For instance, with the young athletes, it could negotiate with the university authorities so the athletes could continue their studies and still focus on sport.

Chau Kin-lung, Shau Kei WanShould the MTR install public toilets?

Installing public toilets at MTR stations can only enhance the image of the MTR as a convenient mode of transport.

The KCR Corporation used to maintain public toilets at all its stations. Since the MTR took over operation of the KCR network, the toilets are still there and are welcomed by commuters.

I do not see why as new MTR stations are built they cannot have toilets. The quality of service provided by the MTR will definitely improve in the eyes of the public if the corporation installs toilets.

Nancy Lai, Sheung Wan

Should the tax on tobacco be increased?

I, along with 70 per cent of the population of Hong Kong, am a non-smoker and I support a higher tobacco tax.

Given the threat to health posed by tobacco, anything that can lead to fewer people smoking is an improvement.

I think a higher tobacco tax could achieve this aim. Young smokers, with only a limited amount of pocket money, would probably smoke less and some might even decide to kick the habit.

Tobacco can also exacerbate the environmental problems in Hong Kong, with so many people smoking outside.

The benefits of increasing the tax on tobacco outweigh the disadvantages and the tax should be increased as soon as possible as all Hongkongers will benefit.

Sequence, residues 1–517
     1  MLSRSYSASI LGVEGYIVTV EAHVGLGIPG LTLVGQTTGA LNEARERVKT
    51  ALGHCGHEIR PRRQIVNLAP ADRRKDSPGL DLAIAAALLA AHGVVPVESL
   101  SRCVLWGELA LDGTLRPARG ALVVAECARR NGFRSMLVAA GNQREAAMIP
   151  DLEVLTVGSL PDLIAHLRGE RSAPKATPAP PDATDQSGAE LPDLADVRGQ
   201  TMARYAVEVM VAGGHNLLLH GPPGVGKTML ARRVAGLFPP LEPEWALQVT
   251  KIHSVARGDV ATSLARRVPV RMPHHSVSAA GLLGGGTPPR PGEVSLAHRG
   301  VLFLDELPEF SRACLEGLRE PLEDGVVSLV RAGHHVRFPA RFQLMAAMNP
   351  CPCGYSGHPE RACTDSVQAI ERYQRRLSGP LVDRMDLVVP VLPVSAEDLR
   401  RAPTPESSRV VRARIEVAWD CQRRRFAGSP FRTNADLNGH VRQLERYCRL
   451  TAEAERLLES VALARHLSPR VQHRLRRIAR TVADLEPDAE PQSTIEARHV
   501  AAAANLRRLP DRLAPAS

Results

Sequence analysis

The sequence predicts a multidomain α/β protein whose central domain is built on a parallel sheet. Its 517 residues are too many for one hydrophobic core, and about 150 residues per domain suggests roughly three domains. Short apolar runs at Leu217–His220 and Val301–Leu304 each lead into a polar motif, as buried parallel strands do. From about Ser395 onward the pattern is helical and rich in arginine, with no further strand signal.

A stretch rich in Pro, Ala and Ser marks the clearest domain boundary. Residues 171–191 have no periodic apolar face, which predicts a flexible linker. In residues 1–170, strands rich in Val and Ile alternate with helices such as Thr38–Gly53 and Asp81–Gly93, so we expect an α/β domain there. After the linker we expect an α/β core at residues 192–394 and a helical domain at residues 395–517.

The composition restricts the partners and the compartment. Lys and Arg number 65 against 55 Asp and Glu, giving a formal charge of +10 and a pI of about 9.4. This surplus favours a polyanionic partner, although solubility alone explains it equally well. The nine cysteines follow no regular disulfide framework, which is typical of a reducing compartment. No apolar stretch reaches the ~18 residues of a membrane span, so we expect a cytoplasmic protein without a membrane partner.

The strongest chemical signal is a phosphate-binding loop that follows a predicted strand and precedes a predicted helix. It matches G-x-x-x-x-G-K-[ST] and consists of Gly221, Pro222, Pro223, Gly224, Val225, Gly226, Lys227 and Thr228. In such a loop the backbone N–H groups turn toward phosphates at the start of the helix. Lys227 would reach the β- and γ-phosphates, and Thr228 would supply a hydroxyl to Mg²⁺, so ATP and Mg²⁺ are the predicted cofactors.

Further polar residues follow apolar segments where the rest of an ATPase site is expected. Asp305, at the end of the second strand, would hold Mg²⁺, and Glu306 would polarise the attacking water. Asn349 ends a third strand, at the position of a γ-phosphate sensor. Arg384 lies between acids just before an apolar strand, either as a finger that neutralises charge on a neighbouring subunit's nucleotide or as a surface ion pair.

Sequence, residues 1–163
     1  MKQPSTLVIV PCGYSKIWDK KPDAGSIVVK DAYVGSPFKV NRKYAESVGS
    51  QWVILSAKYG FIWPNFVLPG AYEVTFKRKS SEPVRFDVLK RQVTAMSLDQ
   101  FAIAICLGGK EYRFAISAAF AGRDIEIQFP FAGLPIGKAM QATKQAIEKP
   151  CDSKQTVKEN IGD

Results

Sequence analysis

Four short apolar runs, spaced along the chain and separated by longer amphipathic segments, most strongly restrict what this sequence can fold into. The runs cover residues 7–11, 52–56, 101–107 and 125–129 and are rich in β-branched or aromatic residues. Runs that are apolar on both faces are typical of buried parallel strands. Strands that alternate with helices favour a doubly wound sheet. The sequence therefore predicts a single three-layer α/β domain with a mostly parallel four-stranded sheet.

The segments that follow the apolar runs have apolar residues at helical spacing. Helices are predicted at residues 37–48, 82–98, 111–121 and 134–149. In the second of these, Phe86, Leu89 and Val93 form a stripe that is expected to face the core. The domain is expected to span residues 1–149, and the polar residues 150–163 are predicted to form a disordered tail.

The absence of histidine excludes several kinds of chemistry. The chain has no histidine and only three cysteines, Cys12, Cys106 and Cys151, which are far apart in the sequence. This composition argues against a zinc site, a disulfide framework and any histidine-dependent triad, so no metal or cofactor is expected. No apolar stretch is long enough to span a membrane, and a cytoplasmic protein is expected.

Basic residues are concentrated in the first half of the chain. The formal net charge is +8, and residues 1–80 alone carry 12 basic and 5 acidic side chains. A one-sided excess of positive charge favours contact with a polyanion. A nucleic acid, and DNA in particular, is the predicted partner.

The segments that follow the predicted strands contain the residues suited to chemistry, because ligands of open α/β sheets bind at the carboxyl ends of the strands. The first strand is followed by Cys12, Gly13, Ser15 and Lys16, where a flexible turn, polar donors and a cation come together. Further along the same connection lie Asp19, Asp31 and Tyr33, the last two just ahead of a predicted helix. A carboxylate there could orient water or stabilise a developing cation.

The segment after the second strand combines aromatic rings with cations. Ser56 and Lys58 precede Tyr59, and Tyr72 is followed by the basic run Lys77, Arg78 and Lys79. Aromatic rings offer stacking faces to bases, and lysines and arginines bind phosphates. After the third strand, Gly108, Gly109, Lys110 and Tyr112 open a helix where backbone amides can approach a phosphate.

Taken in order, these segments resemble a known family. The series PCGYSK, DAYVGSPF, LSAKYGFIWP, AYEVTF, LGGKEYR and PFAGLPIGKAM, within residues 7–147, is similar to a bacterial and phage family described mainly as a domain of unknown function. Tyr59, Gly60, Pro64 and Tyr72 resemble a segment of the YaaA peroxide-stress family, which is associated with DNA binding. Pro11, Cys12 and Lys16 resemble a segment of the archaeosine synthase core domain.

Tiffany Ho Sin-yu, Lam Tin

On other matters...

I have noticed changes to some films I watch on Cable TV's MGM channel.

Parts of films are blurred, presumably because station controllers consider they are too gory for viewers or may be sexual in nature or distasteful in some other way. I have seldom seen such alterations on other Cable TV movie channels.

To give an example, I recently watched the film The Madness of King George on the MGM channel.

There was a scene where George III, while in the throes of mental illness, soiled himself. This scene was blurred out. The whole point was to show the contrast between a man who ruled as a powerful king who had descended from all the pomp and circumstance connected to royalty to a state of humiliation. Here was a monarch who controlled a kingdom and now he could no longer control his own bodily functions.

It was also meant to illustrate how inhumanely he was treated while he was ill. This scene was an integral part of the film and the blurring was unnecessary.

This is not a children's movie. It is targeted at mature audiences. I do not believe that Hong Kong viewers are so sensitive that they would shy away from this kind of realism and from a scene that was an important part of the film.

This is just one of many examples where uncalled-for censorship has done an injustice to an artistic creation.

I urge Cable TV's censors to try to keep abreast of the changing values of our society and not arbitrarily cut or blur scenes according to what appears to be personal standards.

A. Wong, Mid-Levels